Reaching from the south coast of Florida to the northern tip of Maine and beyond, the Atlantic Coast is home to a wide variety of wildlife including whales, birds and sea turtles as well as economically valuable shellfish, lobsters, crabs and fish.
From energy production to commercial fishing to shipping and transport, millions of American jobs depend on the marine resources of the Atlantic Coast. These waters also provide recreational value and, in many communities, cultural identity.
With so many demands on the waters of the Atlantic Coast, conflicts often arise between ocean users – whether it’s ship pilots and right whales trying to use the same waters or fishermen catching fish faster than they can reproduce.
All along the Atlantic Coast, communities are facing ocean-use conflicts: Ship pilots will need to be able to navigate safely and efficiently among newly sited wind-farm developments. Fishermen and lobstermen are hoping to protect key fishing grounds as tidal power projects move forward.
Making smart, balanced choices through comprehensive ocean planning will help the ocean and Atlantic Coast communities thrive. By listening to the needs of all ocean users, better choices can be made about how to preserve a thriving economy and a healthy ocean.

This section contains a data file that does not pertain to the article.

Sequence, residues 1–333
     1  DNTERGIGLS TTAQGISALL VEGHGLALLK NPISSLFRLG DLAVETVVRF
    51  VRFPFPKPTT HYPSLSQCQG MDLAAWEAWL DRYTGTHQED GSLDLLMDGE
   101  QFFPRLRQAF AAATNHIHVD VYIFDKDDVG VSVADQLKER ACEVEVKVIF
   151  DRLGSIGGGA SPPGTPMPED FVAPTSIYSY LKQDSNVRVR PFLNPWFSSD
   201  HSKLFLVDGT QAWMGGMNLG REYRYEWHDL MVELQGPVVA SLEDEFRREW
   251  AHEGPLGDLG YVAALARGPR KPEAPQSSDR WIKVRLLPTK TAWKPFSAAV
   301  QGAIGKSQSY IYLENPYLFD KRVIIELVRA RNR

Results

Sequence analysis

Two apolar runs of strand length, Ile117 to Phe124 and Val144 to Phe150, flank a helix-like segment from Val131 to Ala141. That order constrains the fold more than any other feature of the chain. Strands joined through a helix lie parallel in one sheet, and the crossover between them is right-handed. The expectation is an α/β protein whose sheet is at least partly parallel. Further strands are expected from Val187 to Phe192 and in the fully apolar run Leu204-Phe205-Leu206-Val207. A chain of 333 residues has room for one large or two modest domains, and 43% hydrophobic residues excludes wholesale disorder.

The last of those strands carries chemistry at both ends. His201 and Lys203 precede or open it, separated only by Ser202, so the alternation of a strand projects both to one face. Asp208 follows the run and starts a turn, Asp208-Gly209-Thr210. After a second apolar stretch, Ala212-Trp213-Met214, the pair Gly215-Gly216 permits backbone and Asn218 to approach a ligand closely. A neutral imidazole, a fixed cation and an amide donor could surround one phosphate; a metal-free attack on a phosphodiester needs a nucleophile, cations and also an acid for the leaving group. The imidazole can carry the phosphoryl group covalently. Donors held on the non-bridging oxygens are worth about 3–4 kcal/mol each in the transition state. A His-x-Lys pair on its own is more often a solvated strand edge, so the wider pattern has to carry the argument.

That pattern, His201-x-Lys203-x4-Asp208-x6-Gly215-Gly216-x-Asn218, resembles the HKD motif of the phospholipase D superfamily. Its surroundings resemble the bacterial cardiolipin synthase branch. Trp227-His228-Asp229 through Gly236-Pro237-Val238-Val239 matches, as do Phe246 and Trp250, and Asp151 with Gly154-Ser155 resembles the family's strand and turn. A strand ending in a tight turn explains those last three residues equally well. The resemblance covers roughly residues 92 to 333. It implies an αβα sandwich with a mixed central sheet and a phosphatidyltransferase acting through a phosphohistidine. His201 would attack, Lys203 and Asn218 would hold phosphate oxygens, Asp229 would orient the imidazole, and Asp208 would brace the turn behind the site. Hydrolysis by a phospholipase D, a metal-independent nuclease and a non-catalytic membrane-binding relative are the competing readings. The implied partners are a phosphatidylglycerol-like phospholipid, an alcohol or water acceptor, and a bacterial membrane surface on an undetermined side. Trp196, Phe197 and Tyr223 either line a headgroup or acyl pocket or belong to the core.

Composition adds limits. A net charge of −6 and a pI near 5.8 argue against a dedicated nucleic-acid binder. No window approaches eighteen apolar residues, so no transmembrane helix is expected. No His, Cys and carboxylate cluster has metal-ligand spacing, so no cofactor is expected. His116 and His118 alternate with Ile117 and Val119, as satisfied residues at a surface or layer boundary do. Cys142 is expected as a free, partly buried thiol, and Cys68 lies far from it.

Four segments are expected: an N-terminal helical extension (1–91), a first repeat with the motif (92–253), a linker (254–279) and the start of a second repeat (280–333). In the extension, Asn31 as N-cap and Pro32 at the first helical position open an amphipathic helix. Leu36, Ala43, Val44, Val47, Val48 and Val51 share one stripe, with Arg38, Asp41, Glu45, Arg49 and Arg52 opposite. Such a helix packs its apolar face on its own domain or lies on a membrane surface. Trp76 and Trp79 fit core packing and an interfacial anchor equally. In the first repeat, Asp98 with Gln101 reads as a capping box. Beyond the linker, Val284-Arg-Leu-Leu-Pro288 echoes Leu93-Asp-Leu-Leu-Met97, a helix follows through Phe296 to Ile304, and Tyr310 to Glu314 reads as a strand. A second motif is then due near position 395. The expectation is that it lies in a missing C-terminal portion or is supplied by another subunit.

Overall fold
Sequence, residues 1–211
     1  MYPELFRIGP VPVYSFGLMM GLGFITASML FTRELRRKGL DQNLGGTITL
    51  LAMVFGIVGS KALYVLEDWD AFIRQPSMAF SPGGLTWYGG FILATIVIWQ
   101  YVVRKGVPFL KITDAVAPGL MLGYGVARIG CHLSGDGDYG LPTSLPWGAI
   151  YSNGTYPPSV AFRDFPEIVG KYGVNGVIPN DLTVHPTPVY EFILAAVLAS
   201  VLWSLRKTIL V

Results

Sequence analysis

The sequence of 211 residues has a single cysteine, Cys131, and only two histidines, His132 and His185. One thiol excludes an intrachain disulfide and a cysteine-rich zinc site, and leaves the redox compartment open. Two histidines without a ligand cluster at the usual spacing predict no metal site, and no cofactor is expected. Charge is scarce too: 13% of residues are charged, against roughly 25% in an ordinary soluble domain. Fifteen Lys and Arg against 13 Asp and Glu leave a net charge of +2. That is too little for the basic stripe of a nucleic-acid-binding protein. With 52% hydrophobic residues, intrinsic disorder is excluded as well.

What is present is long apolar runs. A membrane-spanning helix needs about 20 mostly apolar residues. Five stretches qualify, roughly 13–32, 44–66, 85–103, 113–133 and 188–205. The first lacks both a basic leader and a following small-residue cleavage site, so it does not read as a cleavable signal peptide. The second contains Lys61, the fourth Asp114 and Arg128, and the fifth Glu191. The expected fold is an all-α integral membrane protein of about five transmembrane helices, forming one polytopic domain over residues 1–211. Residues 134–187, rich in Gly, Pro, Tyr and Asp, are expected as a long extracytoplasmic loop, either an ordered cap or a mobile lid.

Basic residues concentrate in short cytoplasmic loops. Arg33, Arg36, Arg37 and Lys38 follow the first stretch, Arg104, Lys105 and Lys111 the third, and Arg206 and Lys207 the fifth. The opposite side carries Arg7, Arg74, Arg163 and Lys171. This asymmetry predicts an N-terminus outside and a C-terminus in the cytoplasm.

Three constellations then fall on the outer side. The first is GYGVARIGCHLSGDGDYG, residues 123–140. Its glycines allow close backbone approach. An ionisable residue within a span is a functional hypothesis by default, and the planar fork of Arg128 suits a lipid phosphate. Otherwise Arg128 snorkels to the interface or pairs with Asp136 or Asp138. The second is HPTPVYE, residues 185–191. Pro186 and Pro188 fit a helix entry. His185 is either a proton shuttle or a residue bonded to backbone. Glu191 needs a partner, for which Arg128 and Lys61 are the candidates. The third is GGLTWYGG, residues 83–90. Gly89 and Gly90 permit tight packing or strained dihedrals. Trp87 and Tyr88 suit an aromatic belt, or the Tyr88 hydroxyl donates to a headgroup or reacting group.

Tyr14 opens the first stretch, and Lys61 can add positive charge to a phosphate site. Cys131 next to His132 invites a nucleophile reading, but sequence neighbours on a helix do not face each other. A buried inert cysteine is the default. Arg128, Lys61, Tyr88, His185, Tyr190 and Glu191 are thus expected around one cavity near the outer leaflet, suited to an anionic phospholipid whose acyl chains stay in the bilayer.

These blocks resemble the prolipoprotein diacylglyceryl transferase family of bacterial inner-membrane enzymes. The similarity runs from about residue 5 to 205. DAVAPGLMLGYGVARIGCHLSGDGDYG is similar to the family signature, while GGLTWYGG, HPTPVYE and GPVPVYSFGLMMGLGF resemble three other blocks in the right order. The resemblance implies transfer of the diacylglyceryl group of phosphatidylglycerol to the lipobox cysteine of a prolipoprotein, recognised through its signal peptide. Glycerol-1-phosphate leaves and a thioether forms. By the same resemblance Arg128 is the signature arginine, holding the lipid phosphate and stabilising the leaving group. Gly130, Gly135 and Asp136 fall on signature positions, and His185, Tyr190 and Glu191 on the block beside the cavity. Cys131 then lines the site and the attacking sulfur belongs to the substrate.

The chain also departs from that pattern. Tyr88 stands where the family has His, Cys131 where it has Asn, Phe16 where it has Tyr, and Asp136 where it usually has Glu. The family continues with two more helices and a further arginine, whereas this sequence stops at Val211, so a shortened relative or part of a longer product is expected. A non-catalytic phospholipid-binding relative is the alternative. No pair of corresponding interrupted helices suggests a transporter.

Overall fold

Ocean Conservancy advocates for smart ocean planning that incorporates these key steps:
Healthy fisheries are critical to healthy communities and the ecosystems of the Atlantic Coast. Commercial fisheries produce over $5 billion in sales annually from fish species caught in waters from Maine to North Carolina. In that region alone, the seafood industry contributes over $10 billion in value to the regional economy and supports 76,500 jobs.
The Atlantic Coast can only continue to provide us with this bounty if we ensure that we do not take too many fish out of the water, leaving too few behind to reproduce. Overfishing harms more than just fish; it harms the ecosystem, coastal communities and economies that are dependent on them.
Ocean Conservancy is working to protect the future of fish and fishermen on the Atlantic Coast. Our partnerships with fishermen have led to new policies that help make fish plentiful now and into the future. Thanks to those efforts, the catch by American fishermen has reached a 17-year high.
The ocean provides the air we breathe, the food we eat and the water we drink. Learn more about why the ocean matters to you.
Ocean Conservancy works to keep the ocean healthy, to keep us healthy.
We champion sound science that will lead to innovative, sustainable solutions.
Endangered species need our help.
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